The German minister was one of the first high-ranking foreign officials to visit Iran after the country and world powers clinched the nuclear deal in July to revive economic ties damaged by years of western sanctions imposed on Iran.

Gabriel canceled a scheduled trip to Iran to attend a meeting of Iran-Germany Economic Commission for the first time in 15 years early May, citing poor health.

A conference hosting hundreds of Iranian and German business figures was held in Tehran on May 3 in lieu of the joint commission, which has yet to be held.

German industry is keen to rebuild longstanding business ties with Iran, but trade has been slow to resume due to uncertainty and financial sanctions that remain in place even after the completion of the nuclear accord.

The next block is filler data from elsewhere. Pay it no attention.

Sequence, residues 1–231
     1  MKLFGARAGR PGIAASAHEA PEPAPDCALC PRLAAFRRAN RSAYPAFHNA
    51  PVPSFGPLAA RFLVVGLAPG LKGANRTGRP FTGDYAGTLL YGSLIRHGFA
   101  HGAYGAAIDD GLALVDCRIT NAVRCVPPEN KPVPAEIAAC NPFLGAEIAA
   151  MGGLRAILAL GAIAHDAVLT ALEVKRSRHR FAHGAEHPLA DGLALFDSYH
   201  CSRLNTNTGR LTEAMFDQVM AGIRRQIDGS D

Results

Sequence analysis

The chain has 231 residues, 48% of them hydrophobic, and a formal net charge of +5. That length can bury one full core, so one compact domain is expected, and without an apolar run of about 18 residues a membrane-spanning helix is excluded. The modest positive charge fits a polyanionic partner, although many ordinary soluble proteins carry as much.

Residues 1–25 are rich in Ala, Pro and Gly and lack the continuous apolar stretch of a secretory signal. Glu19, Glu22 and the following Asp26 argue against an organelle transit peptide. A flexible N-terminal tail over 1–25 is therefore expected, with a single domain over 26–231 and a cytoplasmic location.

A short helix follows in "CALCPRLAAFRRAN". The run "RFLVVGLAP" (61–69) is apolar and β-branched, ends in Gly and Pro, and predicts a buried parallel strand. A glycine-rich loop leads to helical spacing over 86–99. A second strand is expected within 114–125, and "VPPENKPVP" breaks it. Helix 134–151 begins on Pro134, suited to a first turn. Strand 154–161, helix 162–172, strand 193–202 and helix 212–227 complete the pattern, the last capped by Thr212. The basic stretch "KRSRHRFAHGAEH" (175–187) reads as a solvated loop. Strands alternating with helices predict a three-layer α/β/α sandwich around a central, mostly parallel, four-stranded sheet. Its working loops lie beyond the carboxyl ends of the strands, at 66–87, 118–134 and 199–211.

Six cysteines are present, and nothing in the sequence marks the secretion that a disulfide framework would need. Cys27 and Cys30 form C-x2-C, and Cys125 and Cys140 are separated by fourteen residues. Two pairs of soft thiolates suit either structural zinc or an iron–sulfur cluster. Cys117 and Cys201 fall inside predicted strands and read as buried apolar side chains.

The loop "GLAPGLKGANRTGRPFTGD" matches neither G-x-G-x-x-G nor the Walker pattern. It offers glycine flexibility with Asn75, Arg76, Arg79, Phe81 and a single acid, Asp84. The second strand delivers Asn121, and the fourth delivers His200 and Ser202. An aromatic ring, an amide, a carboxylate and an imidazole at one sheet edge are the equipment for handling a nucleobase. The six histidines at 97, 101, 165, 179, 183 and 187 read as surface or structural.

$10b Trade Target

Managing Director of Iran-Germany Chamber of Industry and Commerce Rene Harum says trade between the two countries is expected to reach €5 billion in 2017 and €10 billion in the coming years.

Speaking at the first meeting of the joint chamber in Tehran on Wednesday, Harum said bilateral trade stood at €2.5 billion in 2015, IRNA reported.  

He said Germany is willing to become Iran’s top trading partner, replacing China whose trade with Iran topped $22 billion in the last Iranian year (March 2015-16).

According to the Islamic Republic of Iran Customs Administration, trade between Iran and Germany stood at $2.13 billion in the last Iranian year, down 25% over the previous year.

IRICA’s latest stats show bilateral trade is already witnessing a rebound.

Iran exported 10,400 tons of non-oil goods worth $87 million to Germany in the first four months of the current Iranian year, registering a 1.4% increase compared with last year’s corresponding period. Pistachios, carpet, caviar, saffron and dates were among the main exports.

More than 419,000 tons of goods valued at $671.3 million were imported from the European country during the same period, indicating an 18% rise year-on-year. Imports mainly included industrial machinery, grain, pharmaceuticals and steel products.


Add new comment

Read our comment policy before posting your viewpoints